‘Spear phished’: Hackers attack internet overlord ICANN
“ICANN is investigating a recent intrusion into our systems. We believe a ‘spear phishing’ attack was initiated in late November 2014. It involved email messages that were crafted to appear to come from our own domain being sent to members of our staff,” said a statement published on the ICANN website.
Spear phishing – the forging of trusted communication to access private data - is a popular fraud and hacking technique, and has been famously used by the Syrian Electronic Army to hijack the social media accounts of some of the most prominent media organizations in the world. It may also have been implicated in the unsolved but devastating attack on Sony Pictures last month.
In its most open form, it can be a letter asking someone to change their password, on what turns out to be a fake site, though often hackers can disguise the moment data is transferred out of safe hands, for example by creating indistinguishable fake login pages.
Los Angeles-based ICANN, or the Internet Corporation for Assigned Names and Numbers, is responsible for handling the majority of internet domain names, making sure they can be universally accessed from any computer in the world, and that they avoid technological and property conflicts.
As well as accessing internal emails, the intruders were able to gain access to the Centralized Zone Data Service (CZDS) – the database that contains the zone files, which map the path between the IP address, the identification of a computer hosting data, and the name of the domain. Millions of websites have their zone files, and additional data, stored and managed by ICANN.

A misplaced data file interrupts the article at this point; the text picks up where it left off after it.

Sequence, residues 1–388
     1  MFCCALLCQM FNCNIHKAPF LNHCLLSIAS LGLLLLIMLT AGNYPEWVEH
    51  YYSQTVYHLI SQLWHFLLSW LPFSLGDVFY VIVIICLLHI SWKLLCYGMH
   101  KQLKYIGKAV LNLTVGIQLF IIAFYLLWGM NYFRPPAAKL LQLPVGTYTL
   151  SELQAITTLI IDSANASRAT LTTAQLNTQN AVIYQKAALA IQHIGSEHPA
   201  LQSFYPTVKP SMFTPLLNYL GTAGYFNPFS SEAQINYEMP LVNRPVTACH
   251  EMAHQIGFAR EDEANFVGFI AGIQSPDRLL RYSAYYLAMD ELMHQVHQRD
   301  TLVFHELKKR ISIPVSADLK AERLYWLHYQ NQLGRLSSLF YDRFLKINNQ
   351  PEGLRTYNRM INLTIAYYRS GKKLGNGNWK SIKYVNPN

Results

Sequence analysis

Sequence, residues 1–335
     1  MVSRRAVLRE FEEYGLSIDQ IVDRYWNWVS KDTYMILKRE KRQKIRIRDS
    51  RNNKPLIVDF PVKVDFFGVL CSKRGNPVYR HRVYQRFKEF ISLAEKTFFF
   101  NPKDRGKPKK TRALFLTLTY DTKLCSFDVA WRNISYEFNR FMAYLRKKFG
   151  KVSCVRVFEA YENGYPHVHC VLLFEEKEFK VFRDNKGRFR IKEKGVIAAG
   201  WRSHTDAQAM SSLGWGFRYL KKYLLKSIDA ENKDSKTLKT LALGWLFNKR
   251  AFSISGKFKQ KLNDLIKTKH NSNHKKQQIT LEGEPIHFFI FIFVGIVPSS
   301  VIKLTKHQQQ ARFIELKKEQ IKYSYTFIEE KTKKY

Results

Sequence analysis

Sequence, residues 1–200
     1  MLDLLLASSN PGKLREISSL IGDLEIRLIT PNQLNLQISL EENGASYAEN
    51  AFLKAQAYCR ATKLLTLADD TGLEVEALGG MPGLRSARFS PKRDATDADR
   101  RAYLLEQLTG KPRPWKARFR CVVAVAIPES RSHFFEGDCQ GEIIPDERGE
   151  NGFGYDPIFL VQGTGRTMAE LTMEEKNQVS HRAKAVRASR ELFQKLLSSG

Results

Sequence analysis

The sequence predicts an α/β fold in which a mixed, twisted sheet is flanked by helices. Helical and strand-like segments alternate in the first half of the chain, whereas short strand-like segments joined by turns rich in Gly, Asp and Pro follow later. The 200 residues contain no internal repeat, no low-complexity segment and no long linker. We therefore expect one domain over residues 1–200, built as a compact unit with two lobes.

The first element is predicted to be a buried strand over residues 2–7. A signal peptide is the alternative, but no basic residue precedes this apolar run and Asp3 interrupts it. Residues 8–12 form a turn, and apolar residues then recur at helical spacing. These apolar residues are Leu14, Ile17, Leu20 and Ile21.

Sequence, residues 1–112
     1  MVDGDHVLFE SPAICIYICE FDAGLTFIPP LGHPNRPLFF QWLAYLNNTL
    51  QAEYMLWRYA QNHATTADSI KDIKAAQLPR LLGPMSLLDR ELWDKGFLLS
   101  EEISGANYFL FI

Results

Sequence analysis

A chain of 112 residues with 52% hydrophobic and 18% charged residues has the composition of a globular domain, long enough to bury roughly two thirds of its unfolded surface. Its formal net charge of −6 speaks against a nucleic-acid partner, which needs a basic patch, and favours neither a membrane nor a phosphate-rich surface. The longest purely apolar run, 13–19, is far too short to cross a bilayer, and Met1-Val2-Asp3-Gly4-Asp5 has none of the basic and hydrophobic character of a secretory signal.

“The attacker obtained administrative access to all files in the CZDS. This included copies of the zone files in the system, as well as information entered by users such as name, postal address, email address, fax and telephone numbers, username, and password. Although the passwords were stored as salted cryptographic hashes, we have deactivated all CZDS passwords as a precaution,” said ICANN.
While the hack may not have led to any harmful fraud at this point, the internal data obtained by the hackers can be used for future scams, whether through ‘spear phishing’ or other means.
Due to its technical function, ICANN generally flew under the radar during the early years of the web, but has recently become an international political football. As the internet has spread across the world, officials have become riled that such an important role is performed by an unaccountable US-based body.
Barack Obama has attempted to transition ICANN into a more international organization. But the Republican-dominated Congress, worried about countries with rival political systems getting to dictate the rules of the internet, has just barred the federal government from using its funds to change the status of the organization in its ‘Cromnibus’ budget bill.